Statistical analysis.

Continuous variables are reported as the mean and standard deviation for normally distributed data or median and interquartile range (IQR) for nonnormally distributed data. Plasma cytokine concentrations were available for 118/119 patients with severe sepsis and were log10 transformed before analysis. Missing values for GCS and laboratory tests were treated as normal in the determination of organ failure as noted in Supplemental Table 1. Univariable analyses were performed with logistic regression. Multivariable analyses were performed with multiple logistic regression. Linearity of continuous variables was evaluated using the Box–Tidwell procedure, and IL-8 and IL-6 were log10 transformed. A model of clinical predictors of death was developed using a backward elimination procedure on all variables collected or derived at enrollment reported in the univariable analysis with P < 0.1. Variables were sequentially removed based on the highest P value, until all variables retained had P < 0.05. Sex was also included as a variable given that IL-8 concentrations were higher in men. Internal validation of the selected predictors in the candidate model was performed by conducting 100 bias corrected and accelerated bootstrap replications, and evaluating the confidence intervals (CIs) around the coefficients of the predictors. The model was evaluated for multicollinearity and specification error, and assessed using Hosmer and Lemeshow goodness of fit testing. Differences in the model including log10 IL-8 or log10 IL-6 were determined by examining the Akaike information criterion (AIC) and Bayesian information criterion (BIC), by performing a likelihood ratio test, and by comparing areas under the receiver operating curves (ROCs). All statistical analyses were conducted using Stata v14.2 (StataCorp LP, College Station, TX).

Results

Characteristics of enrolled patients.

Three hundred and twenty-seven patients meeting Staphylococcus sepsis criteria were enrolled. Of these, 119 (36.4%) met the criteria for severe sepsis (Figure 1). Clinical characteristics of the patients with severe sepsis are shown in Table 1. The median age was 58.5 years (IQR = 46–67) and 80 (67.2%) were male. The median duration of symptoms was 4 days (IQR = 2–7). Seventy-three (61.3%) patients had an underlying medical condition. The most common preexisting conditions were diabetes (N = 42, 35.3%) and kidney disease (N = 23, 19.3%). Seventy-six (63.9%) patients with severe sepsis had positive blood cultures at the time of enrollment; the remaining patients had positive cultures of pus specimens. Bacterial isolates from three patients (2.5%) were MRSA.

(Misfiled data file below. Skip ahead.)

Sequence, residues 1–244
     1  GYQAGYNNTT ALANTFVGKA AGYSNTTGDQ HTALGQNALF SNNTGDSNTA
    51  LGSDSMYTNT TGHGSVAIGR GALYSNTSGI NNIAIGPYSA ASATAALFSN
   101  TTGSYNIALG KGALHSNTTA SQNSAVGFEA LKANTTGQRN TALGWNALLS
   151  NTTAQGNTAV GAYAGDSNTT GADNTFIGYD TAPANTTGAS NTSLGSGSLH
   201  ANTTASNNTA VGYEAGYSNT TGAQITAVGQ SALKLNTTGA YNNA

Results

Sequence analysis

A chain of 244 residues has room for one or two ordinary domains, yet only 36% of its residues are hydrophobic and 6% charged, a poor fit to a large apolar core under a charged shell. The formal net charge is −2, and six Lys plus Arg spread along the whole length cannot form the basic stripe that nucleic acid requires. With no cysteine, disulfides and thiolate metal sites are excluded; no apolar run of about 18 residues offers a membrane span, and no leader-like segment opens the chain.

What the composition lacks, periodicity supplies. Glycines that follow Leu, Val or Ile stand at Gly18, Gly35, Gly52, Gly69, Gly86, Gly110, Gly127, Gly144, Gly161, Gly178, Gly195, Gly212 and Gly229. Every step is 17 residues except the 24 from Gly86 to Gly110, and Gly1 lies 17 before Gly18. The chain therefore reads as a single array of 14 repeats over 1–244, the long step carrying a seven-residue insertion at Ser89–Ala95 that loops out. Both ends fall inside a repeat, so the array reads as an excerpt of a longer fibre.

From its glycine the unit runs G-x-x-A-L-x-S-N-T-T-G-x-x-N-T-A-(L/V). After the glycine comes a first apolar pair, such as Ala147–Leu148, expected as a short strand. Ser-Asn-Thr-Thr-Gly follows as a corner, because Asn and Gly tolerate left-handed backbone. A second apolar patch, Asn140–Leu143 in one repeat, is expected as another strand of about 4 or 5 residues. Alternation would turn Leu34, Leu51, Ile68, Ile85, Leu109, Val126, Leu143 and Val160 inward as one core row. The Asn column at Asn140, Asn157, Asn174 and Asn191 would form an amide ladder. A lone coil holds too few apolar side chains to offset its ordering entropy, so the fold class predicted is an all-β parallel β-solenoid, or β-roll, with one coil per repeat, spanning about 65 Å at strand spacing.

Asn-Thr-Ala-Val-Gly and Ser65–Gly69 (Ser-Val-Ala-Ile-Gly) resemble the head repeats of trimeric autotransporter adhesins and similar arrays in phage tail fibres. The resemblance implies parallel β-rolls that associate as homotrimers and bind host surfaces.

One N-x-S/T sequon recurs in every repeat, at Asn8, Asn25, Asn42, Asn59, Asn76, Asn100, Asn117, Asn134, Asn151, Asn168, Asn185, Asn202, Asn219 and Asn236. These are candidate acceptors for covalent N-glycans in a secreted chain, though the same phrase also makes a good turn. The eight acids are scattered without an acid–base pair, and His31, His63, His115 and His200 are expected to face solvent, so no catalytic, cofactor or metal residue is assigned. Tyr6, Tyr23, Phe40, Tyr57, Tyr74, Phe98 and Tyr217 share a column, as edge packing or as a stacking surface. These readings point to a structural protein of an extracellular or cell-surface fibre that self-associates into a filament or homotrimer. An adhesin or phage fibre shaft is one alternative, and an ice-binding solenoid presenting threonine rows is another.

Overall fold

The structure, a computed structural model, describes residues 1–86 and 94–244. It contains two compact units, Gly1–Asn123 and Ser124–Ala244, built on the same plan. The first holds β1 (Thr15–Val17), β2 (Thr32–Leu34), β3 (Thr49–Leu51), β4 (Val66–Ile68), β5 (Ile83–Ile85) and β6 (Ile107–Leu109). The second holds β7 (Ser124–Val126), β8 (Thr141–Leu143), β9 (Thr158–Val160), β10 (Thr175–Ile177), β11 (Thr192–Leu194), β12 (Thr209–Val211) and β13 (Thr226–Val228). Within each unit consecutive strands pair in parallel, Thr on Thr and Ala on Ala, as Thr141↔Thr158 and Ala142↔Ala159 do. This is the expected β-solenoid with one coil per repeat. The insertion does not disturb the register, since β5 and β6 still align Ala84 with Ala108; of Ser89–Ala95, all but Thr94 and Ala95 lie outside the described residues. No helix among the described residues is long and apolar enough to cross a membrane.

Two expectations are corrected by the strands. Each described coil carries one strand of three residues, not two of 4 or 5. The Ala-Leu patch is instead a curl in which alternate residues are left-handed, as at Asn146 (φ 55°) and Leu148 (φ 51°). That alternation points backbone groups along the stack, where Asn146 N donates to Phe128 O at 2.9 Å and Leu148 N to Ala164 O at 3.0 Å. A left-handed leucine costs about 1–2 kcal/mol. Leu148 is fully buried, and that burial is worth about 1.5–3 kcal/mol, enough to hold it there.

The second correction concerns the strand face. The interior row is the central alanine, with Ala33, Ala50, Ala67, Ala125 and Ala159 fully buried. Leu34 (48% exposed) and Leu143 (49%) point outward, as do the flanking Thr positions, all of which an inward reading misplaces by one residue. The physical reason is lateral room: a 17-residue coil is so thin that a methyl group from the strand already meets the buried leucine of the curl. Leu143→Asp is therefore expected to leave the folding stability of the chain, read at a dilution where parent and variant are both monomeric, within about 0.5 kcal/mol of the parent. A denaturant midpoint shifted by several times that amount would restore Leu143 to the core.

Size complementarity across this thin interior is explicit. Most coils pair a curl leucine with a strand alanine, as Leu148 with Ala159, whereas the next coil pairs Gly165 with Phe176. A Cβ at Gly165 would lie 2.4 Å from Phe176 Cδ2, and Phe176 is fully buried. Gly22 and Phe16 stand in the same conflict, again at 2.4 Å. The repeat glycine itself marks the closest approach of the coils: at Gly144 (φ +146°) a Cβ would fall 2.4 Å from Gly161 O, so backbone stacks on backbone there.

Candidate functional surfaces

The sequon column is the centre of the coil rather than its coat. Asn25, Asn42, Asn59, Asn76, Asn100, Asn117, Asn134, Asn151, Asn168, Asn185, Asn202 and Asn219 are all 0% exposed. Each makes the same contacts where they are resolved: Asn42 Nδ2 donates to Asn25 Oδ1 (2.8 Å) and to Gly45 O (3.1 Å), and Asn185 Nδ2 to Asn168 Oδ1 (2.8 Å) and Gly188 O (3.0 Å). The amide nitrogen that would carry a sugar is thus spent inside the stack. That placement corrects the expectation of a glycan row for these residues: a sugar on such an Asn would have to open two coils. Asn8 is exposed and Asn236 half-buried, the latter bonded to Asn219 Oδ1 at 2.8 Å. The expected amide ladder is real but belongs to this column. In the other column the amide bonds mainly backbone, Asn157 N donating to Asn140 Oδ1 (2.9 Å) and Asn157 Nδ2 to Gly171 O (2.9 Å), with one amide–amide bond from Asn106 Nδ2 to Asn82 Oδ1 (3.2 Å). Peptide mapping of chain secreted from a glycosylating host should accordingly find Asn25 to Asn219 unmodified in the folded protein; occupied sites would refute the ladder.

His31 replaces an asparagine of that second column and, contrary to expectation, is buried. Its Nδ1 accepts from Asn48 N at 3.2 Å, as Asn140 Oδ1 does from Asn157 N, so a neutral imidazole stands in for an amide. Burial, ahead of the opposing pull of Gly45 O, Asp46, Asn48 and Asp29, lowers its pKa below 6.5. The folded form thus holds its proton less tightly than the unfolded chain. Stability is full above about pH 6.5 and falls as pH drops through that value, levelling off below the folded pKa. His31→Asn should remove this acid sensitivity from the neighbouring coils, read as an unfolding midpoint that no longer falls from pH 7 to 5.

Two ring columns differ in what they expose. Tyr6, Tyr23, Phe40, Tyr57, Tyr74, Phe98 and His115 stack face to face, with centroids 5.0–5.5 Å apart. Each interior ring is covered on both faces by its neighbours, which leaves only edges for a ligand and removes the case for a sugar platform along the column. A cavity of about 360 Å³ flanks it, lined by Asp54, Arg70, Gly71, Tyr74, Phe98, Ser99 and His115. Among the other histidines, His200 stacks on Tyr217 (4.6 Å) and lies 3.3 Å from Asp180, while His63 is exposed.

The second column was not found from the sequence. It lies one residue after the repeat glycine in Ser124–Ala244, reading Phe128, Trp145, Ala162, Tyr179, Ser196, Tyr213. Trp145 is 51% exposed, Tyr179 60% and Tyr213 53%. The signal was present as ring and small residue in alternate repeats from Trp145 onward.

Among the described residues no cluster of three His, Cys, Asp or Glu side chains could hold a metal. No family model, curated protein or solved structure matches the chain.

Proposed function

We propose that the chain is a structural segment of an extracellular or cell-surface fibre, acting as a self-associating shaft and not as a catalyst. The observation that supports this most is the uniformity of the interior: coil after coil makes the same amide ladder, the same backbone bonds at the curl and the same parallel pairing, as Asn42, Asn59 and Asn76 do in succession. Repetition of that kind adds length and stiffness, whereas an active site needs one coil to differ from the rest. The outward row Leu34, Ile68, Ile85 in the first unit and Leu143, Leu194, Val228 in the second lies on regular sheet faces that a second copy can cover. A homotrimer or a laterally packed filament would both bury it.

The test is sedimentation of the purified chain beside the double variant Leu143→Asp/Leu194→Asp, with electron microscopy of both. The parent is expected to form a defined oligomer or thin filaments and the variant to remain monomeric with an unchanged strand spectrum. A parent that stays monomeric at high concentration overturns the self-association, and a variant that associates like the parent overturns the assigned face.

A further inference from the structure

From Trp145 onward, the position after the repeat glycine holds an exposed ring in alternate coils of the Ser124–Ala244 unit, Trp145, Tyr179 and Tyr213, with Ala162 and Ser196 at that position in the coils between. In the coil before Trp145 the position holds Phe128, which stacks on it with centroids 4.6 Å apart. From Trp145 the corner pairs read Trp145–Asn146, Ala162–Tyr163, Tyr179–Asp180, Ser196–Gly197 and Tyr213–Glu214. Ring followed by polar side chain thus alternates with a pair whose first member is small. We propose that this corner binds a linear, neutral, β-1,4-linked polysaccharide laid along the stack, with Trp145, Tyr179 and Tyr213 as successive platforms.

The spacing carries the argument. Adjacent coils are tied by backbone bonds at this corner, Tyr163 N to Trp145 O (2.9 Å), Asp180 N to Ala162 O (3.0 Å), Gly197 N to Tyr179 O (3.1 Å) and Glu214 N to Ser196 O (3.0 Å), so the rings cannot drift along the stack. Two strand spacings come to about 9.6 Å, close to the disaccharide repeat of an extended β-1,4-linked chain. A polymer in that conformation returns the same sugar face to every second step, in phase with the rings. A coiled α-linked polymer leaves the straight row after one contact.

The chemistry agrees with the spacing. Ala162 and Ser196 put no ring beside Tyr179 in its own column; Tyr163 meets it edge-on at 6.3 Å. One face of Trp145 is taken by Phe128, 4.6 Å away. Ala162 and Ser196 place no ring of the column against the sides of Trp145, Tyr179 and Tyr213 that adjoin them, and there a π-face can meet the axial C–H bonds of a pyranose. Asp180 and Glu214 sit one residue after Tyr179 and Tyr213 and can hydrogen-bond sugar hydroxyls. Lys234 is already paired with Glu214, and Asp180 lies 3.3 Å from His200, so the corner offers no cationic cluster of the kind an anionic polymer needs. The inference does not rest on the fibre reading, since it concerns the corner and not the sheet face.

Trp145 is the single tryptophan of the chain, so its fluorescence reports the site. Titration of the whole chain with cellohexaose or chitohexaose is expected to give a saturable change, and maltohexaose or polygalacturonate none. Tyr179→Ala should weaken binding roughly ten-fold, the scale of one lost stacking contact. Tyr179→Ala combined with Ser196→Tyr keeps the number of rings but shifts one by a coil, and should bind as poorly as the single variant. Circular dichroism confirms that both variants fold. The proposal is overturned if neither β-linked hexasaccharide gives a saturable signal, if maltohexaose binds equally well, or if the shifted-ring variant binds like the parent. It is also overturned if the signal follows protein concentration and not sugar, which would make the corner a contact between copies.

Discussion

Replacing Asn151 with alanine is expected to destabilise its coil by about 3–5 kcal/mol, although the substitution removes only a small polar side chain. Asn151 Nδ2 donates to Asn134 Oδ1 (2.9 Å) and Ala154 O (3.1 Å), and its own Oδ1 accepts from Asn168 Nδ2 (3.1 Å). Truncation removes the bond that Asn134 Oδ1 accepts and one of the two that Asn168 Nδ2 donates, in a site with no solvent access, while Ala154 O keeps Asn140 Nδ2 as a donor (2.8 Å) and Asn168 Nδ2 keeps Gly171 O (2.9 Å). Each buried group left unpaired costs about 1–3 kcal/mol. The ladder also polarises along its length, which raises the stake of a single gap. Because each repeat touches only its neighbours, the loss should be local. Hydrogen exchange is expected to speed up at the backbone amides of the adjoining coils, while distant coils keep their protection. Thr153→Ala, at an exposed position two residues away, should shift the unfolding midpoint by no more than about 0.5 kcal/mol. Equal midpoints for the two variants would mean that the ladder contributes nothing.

Figure 1.
Figure 1.

Study flow chart.

Citation: The American Society of Tropical Medicine and Hygiene 96, 5; 10.4269/ajtmh.16-0606

Table 1

Baseline characteristics and management of patients with severe staphylococcal sepsis

VariableN = 119
Characteristic
 Median age in years (IQR)58.5 (46–67)
 Female, no. (%)39 (32.8)
 Preexisting conditions, no. (%)
  Diabetes mellitus42 (35.3)
  Kidney disease23 (19.3)
  Liver disease12 (10.1)
  Heart disease9 (7.6)
  Lung disease7 (5.9)
  Neurological disease5 (4.2)
  Alcoholism4 (3.4)
  Hematological disease4 (3.4)
  Cancer2 (1.7)
  Autoimmune disease2 (1.7)
  Median comorbidity index* (IQR)1 (0–1)
Intervention
 Source control
  Antistaphylococcal antibiotics on first hospital day, no. (%)109 (91.9%)
  Drainage procedure, no. (%)50 (42.0%)
  Days to drainage procedure, median (IQR)1 (1–4)
 Fluid resuscitation and organ support
  Intravenous fluids on first hospital day97 (81.5%)
  Mechanical ventilation51 (42.9%)
  Gas powered ventilator34 (28.6%)
  Electrical ventilator25 (21.0%)
  Vasopressor or inotropic therapy33 (27.7%)

IQR = interquartile range.

Comorbidity index is a 10-point score comprising one point each for lung disease, heart disease, kidney disease, liver disease, neurological disease, hematological disease, autoimmune disease, cancer, diabetes, and alcoholism.

Organ failure in patients with severe staphylococcal sepsis.

Organ failure in patients with severe sepsis at the time of enrollment is shown in Supplemental Table 1. Respiratory failure (N = 46, 38.7%) and shock (N = 45, 37.8%) were the most common manifestations of severe sepsis. Thrombocytopenia (N = 34, 28.6%) and acute kidney injury (N = 30, 25.2%) were also frequent.

Clinical management and outcome of patients with severe staphylococcal sepsis.

Specific therapies provided for the management of severe sepsis, including antibiotics and drainage procedures, intravenous fluid resuscitation, and organ support measures are shown in Table 1. Most patients (N = 109, 91.9%) received antistaphylococcal antimicrobial therapy by the first day of hospital admission. Of the 10 patients in whom appropriate therapy was delayed or not initiated, two had MRSA. Vancomycin was administered to 21 (17.6%) patients. A drainage procedure was performed on 50 (42.0%) patients. Most patients (N = 97, 81.5%) received intravenous fluids on the first hospital day. Seventeen (14.3%) patients were admitted to ICUs; the remaining patients were managed on general wards. These patients did not differ by age, sex, or underlying medical condition. Only patients requiring mechanical ventilation were admitted to ICUs but the majority of patients (N = 34, 66.7%) requiring mechanical ventilation were cared for on the general wards.

Hospital mortality was 14.3% and 28-day mortality was 20.2% among severe sepsis patients (compared with 2.9% 28-day mortality in patients with nonsevere sepsis). One of three (33.3%) patients with MRSA died within the 28-day study period. Twenty-eight-day mortality was 52.9% in patients admitted to an ICU but 14.7% in patients managed on the general wards.

Biomarkers in patients with severe staphylococcal sepsis.